I’m not Moses, let alone God, but the following ten bits of advice are written in stone nonetheless. Not by God, but by the vastly powerful mechanisms of logic, law, and reality.
Commandment I: If you choose to carry, always carry, as much as is possible.
Hollywood actors get to see the script beforehand, and nothing is fired at them but blanks. You don’t have either luxury. Criminals attack people in times and places where they don’t think the victims will be prepared for them. It’s what they do. The only way to be prepared to ward off such predators is to always be prepared: i.e., to be routinely armed and constantly ready to respond to deadly threats against you and those who count on you for protection. It’s not about convenience, it’s literally about life and death.
Commandment II: Don’t carry a gun if you aren’t prepared to use it.
The gun is not a magic talisman that wards off evil. It is a special-purpose emergency rescue tool: no more, no less. History shows us that – for police, and for armed citizens alike – the mere drawing of the gun ends the great majority of criminal threats, with the offender either surrendering or running away. However, you must always remember that criminals constitute an armed subculture themselves, living in an underworld awash with stolen, illegal weapons. They don’t fear the gun: they fear the resolutely armed man or woman pointing that gun at them. And, being predators, they are expert judges of what is prey, and what is a creature more dangerous to them than they are to what they thought a moment ago was their prey.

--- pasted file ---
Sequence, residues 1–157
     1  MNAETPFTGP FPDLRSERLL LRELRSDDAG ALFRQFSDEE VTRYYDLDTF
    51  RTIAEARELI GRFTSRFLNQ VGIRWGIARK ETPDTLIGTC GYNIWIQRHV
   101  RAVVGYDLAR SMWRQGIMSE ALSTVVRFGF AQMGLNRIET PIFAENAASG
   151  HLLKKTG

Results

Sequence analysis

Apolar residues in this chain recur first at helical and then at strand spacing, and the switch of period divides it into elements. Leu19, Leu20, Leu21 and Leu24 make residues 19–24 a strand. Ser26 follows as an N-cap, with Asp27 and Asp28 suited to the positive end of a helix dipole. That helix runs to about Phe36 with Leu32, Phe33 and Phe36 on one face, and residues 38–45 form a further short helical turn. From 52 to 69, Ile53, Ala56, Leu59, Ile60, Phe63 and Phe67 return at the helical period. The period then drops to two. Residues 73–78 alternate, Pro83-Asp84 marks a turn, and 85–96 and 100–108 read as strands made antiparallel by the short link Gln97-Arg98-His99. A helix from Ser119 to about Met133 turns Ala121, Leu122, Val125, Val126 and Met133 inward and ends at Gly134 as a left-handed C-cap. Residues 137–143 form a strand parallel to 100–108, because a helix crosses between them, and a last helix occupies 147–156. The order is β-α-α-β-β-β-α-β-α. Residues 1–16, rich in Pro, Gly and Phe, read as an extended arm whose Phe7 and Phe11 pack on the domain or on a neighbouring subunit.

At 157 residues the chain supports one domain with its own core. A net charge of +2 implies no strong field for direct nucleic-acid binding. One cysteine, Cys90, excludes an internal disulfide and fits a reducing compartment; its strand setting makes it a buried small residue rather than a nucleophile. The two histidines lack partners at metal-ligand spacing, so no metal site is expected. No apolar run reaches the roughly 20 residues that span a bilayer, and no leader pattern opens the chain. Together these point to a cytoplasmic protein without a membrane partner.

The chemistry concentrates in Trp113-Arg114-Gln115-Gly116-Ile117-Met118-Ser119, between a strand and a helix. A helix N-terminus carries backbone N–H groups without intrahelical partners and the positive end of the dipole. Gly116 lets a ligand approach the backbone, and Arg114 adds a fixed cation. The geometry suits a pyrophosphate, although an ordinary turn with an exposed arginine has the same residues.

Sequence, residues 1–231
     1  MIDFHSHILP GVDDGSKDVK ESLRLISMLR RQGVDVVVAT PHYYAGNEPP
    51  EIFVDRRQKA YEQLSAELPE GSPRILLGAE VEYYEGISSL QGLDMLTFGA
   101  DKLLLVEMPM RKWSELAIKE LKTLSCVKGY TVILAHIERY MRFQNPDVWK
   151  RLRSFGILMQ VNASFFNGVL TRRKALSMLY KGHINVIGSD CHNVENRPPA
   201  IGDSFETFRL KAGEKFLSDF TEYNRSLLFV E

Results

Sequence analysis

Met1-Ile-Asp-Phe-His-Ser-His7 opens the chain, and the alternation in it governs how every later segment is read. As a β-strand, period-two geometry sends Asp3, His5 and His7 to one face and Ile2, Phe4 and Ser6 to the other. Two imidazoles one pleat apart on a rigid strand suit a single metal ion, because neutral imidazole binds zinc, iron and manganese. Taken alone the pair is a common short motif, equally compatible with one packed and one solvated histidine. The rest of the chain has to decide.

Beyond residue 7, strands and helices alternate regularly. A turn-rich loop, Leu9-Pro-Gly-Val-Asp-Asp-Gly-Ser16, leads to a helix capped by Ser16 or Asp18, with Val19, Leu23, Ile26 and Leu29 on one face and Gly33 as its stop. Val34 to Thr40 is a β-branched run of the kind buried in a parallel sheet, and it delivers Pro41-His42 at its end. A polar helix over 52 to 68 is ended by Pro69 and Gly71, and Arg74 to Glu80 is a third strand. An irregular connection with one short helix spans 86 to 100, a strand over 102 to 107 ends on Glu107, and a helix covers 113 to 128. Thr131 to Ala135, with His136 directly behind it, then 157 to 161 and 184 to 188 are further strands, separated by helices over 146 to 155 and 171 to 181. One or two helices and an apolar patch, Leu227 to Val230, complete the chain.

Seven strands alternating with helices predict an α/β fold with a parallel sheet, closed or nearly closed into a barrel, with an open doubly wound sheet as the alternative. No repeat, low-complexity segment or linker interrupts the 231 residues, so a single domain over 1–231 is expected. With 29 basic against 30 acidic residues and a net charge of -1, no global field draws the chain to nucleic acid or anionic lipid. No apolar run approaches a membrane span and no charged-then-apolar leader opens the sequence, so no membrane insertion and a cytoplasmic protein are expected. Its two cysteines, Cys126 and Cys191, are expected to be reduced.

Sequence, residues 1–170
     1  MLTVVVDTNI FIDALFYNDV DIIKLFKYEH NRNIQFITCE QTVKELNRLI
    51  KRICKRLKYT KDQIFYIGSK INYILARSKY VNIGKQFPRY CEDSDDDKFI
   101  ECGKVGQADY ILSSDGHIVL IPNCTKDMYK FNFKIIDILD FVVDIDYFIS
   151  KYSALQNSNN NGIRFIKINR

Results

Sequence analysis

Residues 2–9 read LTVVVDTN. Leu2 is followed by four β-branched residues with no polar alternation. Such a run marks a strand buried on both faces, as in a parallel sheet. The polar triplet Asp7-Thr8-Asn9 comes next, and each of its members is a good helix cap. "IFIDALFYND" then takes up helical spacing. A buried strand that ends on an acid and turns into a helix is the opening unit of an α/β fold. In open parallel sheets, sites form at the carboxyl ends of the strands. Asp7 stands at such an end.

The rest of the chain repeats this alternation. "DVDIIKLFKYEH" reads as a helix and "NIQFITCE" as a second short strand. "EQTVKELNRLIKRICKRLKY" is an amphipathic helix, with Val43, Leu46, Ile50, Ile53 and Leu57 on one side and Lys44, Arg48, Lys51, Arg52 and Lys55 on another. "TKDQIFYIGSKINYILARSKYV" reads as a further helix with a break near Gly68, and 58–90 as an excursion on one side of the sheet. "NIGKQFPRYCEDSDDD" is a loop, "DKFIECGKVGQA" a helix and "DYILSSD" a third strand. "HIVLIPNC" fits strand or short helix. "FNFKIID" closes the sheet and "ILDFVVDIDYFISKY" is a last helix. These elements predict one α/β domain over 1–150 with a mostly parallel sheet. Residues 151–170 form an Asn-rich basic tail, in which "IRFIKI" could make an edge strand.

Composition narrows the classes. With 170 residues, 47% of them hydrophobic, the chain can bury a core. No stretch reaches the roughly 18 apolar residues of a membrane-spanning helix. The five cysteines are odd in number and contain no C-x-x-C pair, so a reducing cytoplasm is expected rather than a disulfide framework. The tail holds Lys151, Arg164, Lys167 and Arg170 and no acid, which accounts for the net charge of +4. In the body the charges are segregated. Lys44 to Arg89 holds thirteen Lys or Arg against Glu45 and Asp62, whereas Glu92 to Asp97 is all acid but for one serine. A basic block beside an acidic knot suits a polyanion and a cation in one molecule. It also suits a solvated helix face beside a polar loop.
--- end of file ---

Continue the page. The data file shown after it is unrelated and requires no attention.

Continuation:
Thus, the great irony: the person who is prepared to kill if they must to stop a murderous transgression by a human predator, is the person who is least likely to have to do so.
Commandment III: Don’t let the gun make you reckless.
Lightweight pseudo-psychologists will tell you that “the trigger will pull the finger,” and your possession of your gun will make you want to kill someone. Rubbish. The gun is no more an evil talisman that turns kindly Dr. Jekyll into evil Mr. Hyde, than it is a good talisman that drives off evil. Those of us who have spent decades immersed in the twin cultures of American law enforcement and the responsibly armed citizenry know that the truth is exactly the opposite. A good person doesn’t see the gun as a supercharger for aggression, but as brakes that control that natural human emotion. The law itself holds the armed individual to “a higher standard of care,” requiring that they do all that is possible to avoid using deadly force until it becomes clearly necessary. Prepare and act accordingly.
Commandment IV: Carry legally.
If you live someplace where there is no provision to carry a gun to protect yourself and your loved ones, don’t let pusillanimous politicians turn you into a convicted felon. Move! It’s a quality of life issue. Rhetorical theory that sounds like “I interpret the law this way, because I believe the law should be this way” – which ignores laws that aren’t that way – can sacrifice your freedom, your status as a gun-owning free American, and your ability to provide for your family. If you live where a CCW permit is available, get the damn permit. If you don’t, move to someplace that does. Yes, it IS that simple. And if you are traveling, check sources such as www.handgunlaw.us to make sure that you are legal to carry in the given jurisdiction. Don’t let the legal system make you a felon for living up to your responsibilities to protect yourself and those who count on you. If you carry, make sure you carry legally.